He thought that might piss Riley off, but Riley seemed pleased to be able to explain how gay guys were the perfect way to introduce the disease because nobody cared fuckall what happened to them. But that really, fags getting it was an accident, because it was supposed to wipe out all the black people in Africa, and then the whites could just move into a whole new continent. Some queer stewardess got it in Africa and then brought it back here. It would kill white people, but it killed black people faster. And now if you were rich they could cure you, or at least give you drugs for your whole life so you wouldn’t get sick and die, which was the same thing, but they were still letting black people and Africans die.

Cahill tuned Riley out. They collected two other guys. Riley was in charge. Cahill didn’t know the names of the two other guys—a scrawny, white-trash, looking guy and a light-skinned black guy.

Riley quit talking once they had crossed the bridge and were in Cleveland.

On the blind, windowless side of a warehouse the wall had been painted white, and in huge letters it said:

Hell from beneath is moved for thee to meet thee at thy coming.

Isaiah (ch. XIV, v. 9)

This same quote was painted at the gate where the bus had dumped Cahill off.

There were crows gathering at Euclid, and, Riley guessed, maybe around East Ninth, so they headed north toward the lake. Zombies stank, and the crows tended to hang around them. Behind them the burned ruins of the Renaissance Hotel were still black and wet from the rain a couple of days ago.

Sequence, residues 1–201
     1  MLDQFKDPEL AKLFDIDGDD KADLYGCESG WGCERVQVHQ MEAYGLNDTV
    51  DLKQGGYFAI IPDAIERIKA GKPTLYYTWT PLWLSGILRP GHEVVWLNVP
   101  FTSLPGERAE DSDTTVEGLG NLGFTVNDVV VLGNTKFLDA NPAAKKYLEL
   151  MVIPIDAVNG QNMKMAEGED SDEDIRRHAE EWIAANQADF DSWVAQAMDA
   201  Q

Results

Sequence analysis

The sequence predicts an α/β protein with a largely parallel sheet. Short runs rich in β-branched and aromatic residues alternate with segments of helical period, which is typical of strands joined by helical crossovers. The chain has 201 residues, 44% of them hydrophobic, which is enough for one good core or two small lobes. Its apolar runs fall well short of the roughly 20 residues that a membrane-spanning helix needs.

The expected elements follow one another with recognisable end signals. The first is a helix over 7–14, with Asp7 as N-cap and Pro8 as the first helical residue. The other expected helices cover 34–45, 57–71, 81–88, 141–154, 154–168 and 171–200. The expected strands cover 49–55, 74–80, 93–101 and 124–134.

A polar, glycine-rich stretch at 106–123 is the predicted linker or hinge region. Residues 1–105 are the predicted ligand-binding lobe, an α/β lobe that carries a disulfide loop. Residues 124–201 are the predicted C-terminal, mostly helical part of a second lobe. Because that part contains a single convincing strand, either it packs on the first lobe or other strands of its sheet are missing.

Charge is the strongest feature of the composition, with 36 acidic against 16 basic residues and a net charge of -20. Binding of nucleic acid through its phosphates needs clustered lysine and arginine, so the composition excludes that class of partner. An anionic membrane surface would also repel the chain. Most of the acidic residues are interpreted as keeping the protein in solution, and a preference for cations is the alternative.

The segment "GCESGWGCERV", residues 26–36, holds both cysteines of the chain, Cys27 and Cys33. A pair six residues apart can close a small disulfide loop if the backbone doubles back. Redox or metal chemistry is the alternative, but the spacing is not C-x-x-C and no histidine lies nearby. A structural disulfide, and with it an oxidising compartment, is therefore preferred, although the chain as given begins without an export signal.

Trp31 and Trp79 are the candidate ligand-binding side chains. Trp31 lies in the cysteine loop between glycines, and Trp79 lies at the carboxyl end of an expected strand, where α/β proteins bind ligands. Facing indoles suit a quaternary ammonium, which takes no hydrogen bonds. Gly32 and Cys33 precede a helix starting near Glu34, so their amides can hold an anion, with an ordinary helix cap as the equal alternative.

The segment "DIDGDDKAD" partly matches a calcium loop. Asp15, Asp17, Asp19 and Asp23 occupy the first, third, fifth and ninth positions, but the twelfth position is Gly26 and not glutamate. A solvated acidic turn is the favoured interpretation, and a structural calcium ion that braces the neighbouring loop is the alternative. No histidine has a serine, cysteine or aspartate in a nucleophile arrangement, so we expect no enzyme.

When they saw the zombie, there were no crows, but that may have been because there was only one. Crows often meant a number of zombies. She fixed on them, turning her face toward them despite the blank whiteness of her eyes. She was black and her hair had once been in cornrows, though now half of it was loose and tangled. They all stopped and stood stock still. No one knew how zombies ‘saw’ people. Maybe infrared, like pit vipers. Maybe smell. Cahill could not tell from this far if she was sniffing. Or listening. Or maybe even tasting the air. Taste was one of the most primitive senses. Primitive as smell. Smelling with the tongue.

She went from standing there to loping toward them. That was one of the things about zombies. They didn’t lean. They didn’t anticipate. One minute they were standing there, the next minute they were running toward you. They didn’t lead with their eyes or their chins. They were never surprised. They just were. As inexorable as rain. She didn’t look as she ran, even though she was running through debris and rubble, placing her feet and sometimes barely leaping.

“Fuck,” someone said.